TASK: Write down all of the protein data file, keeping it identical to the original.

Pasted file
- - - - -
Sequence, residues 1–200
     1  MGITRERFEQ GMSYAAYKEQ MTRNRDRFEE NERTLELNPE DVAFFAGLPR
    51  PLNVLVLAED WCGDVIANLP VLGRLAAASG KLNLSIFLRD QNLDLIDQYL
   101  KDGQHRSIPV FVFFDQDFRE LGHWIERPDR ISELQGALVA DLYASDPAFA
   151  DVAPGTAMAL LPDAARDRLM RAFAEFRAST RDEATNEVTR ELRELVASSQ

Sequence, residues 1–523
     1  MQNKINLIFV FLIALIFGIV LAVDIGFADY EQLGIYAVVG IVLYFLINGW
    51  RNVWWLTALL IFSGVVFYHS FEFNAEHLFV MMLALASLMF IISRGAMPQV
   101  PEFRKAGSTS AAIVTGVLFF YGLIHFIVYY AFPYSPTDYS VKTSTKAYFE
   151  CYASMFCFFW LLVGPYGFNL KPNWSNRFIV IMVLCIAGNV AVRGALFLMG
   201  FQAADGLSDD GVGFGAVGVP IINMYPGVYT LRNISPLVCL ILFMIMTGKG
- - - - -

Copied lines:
Sequence, residues 1–200
     1  MGITRERFEQ GMSYAAYKEQ MTRNRDRFEE NERTLELNPE DVAFFAGLPR
    51  PLNVLVLAED WCGDVIANLP VLGRLAAASG KLNLSIFLRD QNLDLIDQYL
   101  KDGQHRSIPV FVFFDQDFRE LGHWIERPDR ISELQGALVA DLYASDPAFA
   151  DVAPGTAMAL LPDAARDRLM RAFAEFRAST RDEATNEVTR ELRELVASSQ

Sequence, residues 1–523
     1  MQNKINLIFV FLIALIFGIV LAVDIGFADY EQLGIYAVVG IVLYFLINGW
    51  RNVWWLTALL IFSGVVFYHS FEFNAEHLFV MMLALASLMF IISRGAMPQV
   101  PEFRKAGSTS AAIVTGVLFF YGLIHFIVYY AFPYSPTDYS VKTSTKAYFE
   151  CYASMFCFFW LLVGPYGFNL KPNWSNRFIV IMVLCIAGNV AVRGALFLMG
   201  FQAADGLSDD GVGFGAVGVP IINMYPGVYT LRNISPLVCL ILFMIMTGKG